FTUB still considered an illegal organisation: Despite the ITUC and the ILO insisting that the Federation of Trade Unions-Burma (FTUB) be recognised as an official workers' organisation, it is still considered an illegal organisation. The FTUB has been forced to operate clandestinely since its inception in 1991. It maintains structures both inside and outside the country including underground unions in key industrial sectors in Burma proper, and operates in all the major cities of the country. It actively collects evidence of violations of workers' rights and monitors the denial of collective bargaining rights in industrial sectors, as well as evidence of forced labour, which it communicates to the ILO and to the international labour movement. FTUB members caught doing so are accused of treason and other offences and have been sentenced to life imprisonment, and in some cases have incurred the death penalty.
Forced labour as pervasive as ever: The State Peace and Development Council (SPDC)'s policy of using forced labour is as prevalent today as when it was first addressed by the ILO in 1998; ILO experts say that exploitation remains rampant in Burma. On 6 June, the ILO called on the SPDC to amend a provision in the country's new constitution that could be interpreted as justifying forced labour, and concluded in a special session that the steps taken by the ruling junta towards eradicating forced labour were "totally inadequate". According to a 4 November report by the ILO Liaison Officer in Rangoon, there were 71 forced labour complaints filed from 16 May to 28 October 2009, a 129% increase from the same period in 2008. The latest filings included 17 cases of forced labour and 52 cases of under-age recruitment into the SPDC army.
The report also noted that the SPDC subjected complainants and other persons associated with complaints to judicial retaliation, including the filing of criminal charges. All the cases of retaliation stemmed from complaints filed over the use of forced labour by 328 farmers in Magwe Division. In some of the cases the SPDC jailed 12 complainants for up to four years and nine months for "trespassing" on land that they owned, forced complainants to sign confessions to renounce their original complaints, and refused to implement a settlement to return land to complainants and jailed those who came to their aid. The SPDC's abuse of Rohingya in Arakan State also intensified with the resumption of the building of the Burma-Bangladesh border fence in early October. On 28 October, it was reported that the SPDC Army ordered 200 Rohingya in Northern Arakan State to perform forced labour for the border fence construction each day.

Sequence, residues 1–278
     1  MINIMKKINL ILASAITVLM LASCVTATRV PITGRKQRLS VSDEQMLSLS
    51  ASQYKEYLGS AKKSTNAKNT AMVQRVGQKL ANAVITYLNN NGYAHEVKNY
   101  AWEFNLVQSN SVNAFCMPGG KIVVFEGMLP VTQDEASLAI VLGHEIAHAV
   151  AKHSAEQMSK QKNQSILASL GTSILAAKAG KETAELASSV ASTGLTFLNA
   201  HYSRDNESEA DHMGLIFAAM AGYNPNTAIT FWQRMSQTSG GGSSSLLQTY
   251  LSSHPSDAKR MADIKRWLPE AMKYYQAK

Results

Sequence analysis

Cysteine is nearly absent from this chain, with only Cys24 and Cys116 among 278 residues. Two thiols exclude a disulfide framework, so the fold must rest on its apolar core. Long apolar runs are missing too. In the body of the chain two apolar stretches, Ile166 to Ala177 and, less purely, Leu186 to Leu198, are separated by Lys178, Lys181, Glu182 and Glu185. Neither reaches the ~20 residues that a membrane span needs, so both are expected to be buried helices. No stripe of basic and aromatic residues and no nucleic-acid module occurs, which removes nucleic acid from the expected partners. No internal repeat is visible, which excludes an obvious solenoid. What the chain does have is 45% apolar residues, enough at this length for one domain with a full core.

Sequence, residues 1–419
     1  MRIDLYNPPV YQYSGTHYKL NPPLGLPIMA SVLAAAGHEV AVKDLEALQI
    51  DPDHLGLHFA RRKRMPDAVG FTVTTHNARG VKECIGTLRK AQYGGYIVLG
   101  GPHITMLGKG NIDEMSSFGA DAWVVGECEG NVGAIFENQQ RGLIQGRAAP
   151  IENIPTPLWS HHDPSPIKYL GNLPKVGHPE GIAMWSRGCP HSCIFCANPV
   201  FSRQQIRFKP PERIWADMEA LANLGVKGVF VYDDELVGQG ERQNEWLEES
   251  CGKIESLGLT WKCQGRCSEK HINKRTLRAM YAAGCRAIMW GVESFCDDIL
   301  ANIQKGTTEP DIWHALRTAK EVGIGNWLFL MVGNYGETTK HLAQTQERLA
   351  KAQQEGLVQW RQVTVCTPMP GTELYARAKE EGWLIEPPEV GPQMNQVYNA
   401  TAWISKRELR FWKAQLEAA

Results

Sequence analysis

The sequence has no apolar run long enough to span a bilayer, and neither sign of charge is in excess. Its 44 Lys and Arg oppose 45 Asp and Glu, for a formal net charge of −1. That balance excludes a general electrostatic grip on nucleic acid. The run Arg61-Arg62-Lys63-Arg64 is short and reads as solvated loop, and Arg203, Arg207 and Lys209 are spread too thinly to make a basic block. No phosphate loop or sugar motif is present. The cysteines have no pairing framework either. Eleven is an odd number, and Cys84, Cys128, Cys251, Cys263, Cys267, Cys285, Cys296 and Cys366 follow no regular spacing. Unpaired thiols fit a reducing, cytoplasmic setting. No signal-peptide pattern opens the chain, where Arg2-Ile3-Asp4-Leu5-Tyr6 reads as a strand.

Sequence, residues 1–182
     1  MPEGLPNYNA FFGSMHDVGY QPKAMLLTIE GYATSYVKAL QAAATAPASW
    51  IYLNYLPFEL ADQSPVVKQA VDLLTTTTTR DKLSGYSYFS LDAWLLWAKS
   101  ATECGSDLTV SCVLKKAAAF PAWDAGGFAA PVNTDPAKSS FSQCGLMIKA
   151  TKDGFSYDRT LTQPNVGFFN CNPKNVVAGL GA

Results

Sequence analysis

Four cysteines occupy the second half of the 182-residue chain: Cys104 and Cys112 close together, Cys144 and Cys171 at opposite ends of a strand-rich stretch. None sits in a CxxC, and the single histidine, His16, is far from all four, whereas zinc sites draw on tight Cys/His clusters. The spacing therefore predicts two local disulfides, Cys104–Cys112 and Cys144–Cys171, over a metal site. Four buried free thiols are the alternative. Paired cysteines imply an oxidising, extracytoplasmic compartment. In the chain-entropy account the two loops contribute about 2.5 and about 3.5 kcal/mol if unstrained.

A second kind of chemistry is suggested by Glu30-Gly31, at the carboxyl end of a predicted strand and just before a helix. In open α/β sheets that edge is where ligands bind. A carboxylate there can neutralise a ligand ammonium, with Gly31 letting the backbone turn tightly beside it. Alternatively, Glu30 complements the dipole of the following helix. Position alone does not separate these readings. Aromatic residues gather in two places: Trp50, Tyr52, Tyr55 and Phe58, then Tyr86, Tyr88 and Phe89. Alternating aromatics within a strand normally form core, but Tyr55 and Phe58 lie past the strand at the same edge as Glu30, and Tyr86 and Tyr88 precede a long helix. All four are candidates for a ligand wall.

Deaths from forced labour: On 3 February, two villagers in Kyauktada Township, Pegu Division, died while performing forced labour when the pit in which they were working collapsed. On 6 February, a 50-year-old man from Kyauktalone Village, Pegu Division, died as a result of injuries he sustained while performing forced labour in digging a trench.
FTUB activists arrested: On 1 April, the State Peace and Development Council police arrested five labour activists after they attended the Federation of Trade Unions-Burma (FTUB) Labour Congress. Following interventions by both the ILO and the ITUC, all five were released on 10 April, after being warned to cease all dealings with the FTUB.
Worker protest quickly suppressed: On 17 December, about 1,300 workers of the Wong Houng Hand textile factory in Hlaing Tharyar Industrial Zone 3 just outside of Rangoon staged a demonstration after submitting demands three days earlier including a pay increase, better working conditions, and medical allowances. State Peace and Development Council (SPDC) authorities sent a large number of security personnel to the factory as a result of the demonstration. The security personnel cleared demonstrators from the perimeter of the factory and tightened security in order to stop the protests. Workers at the factory also said that supervisors have been mistreating workers and forcing them to sign "confessions" of alleged wrongdoing.
Land confiscation and retaliation for contacting the ILO: On 23 January, a court in Magwe Division sentenced labour activist Zaw Htay to 10 years in prison for his activities to aid and assist farmers file complaints with the ILO over the confiscation of their land by State Peace and Development Council (SPDC) Army authorities. Judges concluded that he was guilty of leaking sensitive national information by taking photographs of land seized by the army for the report to the ILO. Zaw Htay had been detained since October, 2008, and he and three farmers had been tortured and illegally detained inside an army compound before being brought before a judge for the first time in December, 2008 (see the 2009 edition of the Survey).
On 10 December, two farmers, Nyan Myint and Thura Aung, from Aunglan in Magwe Division were sentenced to seven years in prison on charges of misappropriation and damages to public property. In 2007, the two farmers had filed complaints with the ILO over the confiscation of their farm land by the State Peace and Development Council (SPDC) Army. In August, 2009, a local SPDC Forestry Department official in Aunglan, Magwe Division, also accused human rights defender Aye Myint of threatening a forest manager. Judge Win Myint in the township court sentenced him to prison finding that Aye Myint had failed to prove his innocence a reversal of the usual standard applicable in determining guilt in criminal trials.